Competitive Advantage and the Resource Based View of the Firm

Managing Knowledge for Sustained Competitive Advantage: Designing Strategies for Effective Human Resource Management

As a follow up to my previous post titled Competitive Advantage – The Human Capital Approach, I wanted to take a second to talk a little bit about the Resource Based View of the firm that I mentioned in the previous post. ┬áBefore I continue, if you are interested in this topic, definitely take a look at the book titled Managing Knowledge for Sustained Competitive Advantage: Designing Strategies for Effective Human Resource Management (affiliate link).

Most organizations don’t place a high enough focus on human capital management as a component of competitive advantage. In order for an organization to be successful in any market, they must create value for their clients. This value can be created using a new strategy, new technology or some other ‘gimmick’ but in order to sustain this value (and the competitive advantage it brings), organizations must develop and maintain an engaged, knowledgeable and creative workforce (Afiouni, 2007).

To create a workforce that provides sustainable competitive advantage and value creation, an organization must create an environment that allows their human capital to grow, much like money sitting in an interest bearing account does. This growth, expressed within people as increased knowledge, increased motivation, increased engagement, etc can be used to create competitive advantage that would be very difficult for competitors to imitate (Afiouni, 2007; Agarwal & Ferratt, 2001; Luftman & Kempaiah, 2007).

Out of the many theories of organizational behavior, one aligns itself well with the human capital view of people within an organization. This theory, called the Resource Based View (RBV), suggests that the method in which resources are applied within a firm can create a competitive advantage (Barney, 1991; Mata, Fuerst, & Barney, 1995; Peteraf, 1993; Wernerfert, 1984). The resource based view of firms is based on two main assumptions: resource diversity and resource immobility (Barney, 1991; Mata et al., 1995). According to Mata et al. (1995), these assumptions are defined as:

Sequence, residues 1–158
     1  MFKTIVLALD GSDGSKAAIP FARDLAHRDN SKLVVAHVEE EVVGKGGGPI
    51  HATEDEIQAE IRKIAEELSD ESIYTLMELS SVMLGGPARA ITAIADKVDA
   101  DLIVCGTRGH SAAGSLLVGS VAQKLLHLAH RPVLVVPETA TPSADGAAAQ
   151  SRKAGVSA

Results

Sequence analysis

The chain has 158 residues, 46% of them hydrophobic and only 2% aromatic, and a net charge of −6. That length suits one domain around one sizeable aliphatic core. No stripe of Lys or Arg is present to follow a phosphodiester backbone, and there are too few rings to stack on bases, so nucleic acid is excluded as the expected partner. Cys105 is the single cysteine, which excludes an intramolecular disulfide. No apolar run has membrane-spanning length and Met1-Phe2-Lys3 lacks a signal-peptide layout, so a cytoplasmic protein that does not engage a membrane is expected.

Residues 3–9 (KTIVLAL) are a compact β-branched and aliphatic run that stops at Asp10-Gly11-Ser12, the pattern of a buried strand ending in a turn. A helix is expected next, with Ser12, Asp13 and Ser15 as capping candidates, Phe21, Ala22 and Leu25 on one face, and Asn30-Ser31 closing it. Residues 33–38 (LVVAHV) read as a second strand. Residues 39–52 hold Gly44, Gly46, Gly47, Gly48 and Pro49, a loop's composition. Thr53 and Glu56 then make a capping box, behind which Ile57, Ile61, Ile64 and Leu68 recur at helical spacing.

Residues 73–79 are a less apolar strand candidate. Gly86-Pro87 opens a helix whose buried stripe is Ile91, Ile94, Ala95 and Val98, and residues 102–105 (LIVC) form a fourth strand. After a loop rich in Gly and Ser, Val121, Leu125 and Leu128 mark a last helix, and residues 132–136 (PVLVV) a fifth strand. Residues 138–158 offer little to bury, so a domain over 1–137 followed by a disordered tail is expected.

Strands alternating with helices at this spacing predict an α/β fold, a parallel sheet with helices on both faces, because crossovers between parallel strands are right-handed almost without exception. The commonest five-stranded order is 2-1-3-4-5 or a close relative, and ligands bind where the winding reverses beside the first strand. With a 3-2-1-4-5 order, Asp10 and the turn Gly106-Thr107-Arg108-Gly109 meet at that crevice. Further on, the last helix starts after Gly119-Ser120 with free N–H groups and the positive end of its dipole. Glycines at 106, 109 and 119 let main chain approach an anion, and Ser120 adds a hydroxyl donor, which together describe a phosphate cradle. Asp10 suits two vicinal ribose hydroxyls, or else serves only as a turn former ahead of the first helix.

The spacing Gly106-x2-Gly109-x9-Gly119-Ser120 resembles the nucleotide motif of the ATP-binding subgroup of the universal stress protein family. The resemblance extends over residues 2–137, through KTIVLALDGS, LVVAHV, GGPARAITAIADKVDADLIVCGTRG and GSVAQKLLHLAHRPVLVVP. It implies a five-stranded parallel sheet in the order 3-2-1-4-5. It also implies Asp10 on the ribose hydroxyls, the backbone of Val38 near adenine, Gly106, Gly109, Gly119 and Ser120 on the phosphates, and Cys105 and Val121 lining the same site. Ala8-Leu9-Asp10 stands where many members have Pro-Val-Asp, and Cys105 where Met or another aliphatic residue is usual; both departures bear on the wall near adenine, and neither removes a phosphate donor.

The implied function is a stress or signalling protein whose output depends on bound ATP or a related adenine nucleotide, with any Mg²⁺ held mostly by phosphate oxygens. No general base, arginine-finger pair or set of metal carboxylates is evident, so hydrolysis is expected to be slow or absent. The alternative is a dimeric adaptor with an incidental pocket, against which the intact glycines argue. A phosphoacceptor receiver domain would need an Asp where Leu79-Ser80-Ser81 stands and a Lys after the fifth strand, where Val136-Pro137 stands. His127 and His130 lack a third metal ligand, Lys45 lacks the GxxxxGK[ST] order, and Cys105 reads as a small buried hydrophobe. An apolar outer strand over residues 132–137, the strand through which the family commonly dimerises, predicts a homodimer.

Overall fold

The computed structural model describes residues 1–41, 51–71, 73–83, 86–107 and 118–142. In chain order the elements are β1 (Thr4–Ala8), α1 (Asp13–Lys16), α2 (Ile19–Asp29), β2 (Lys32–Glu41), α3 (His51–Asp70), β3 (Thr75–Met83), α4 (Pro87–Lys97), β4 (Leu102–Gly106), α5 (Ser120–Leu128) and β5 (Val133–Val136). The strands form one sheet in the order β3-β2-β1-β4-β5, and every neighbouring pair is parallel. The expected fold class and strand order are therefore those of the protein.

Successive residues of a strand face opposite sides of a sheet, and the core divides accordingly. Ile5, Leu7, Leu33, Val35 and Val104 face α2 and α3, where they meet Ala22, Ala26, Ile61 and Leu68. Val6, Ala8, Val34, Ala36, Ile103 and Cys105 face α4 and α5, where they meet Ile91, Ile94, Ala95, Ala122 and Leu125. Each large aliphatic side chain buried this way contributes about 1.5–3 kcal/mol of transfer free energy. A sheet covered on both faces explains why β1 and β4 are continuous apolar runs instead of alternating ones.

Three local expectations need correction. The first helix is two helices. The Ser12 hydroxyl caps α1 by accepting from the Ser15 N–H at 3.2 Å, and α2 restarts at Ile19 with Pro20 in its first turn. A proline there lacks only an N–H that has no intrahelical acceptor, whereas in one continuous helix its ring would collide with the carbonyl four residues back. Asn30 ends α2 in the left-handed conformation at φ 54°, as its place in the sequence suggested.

• Resource diversity (also called resource heterogeneity) pertains to whether a firm owns a resource or capability that is also owned by numerous other competing firms, then that resource cannot provide a competitive advantage.
    • As an example of resource diversity, consider the following: a firm is trying to decide whether to implement a new IT product. This new product might provide a competitive advantage to the firm if no other competitors have the same functionality. If competing firms have similar functionality, then this new IT product doesn’t pass the ‘resource diversity’ test and therefore doesn’t provide a competitive advantage.
  • Resource immobility refers to a resource that is difficult to obtain by competitors because the cost of developing, acquiring or using that resource is too high.
    • As an example of resource immobility, consider the following: a firm is trying to decide whether they should buy an ‘off-the-shelf’ inventory control system or have one built specifically for their needs. If they buy an off-the-shelf system, they will have no competitive advantage over others in the market because their competition can implement the same system. If they pay for a customized solution that provides specific functionality that only they implement, then they will have a competitive advantage, assuming the same functionality isn’t available in other products.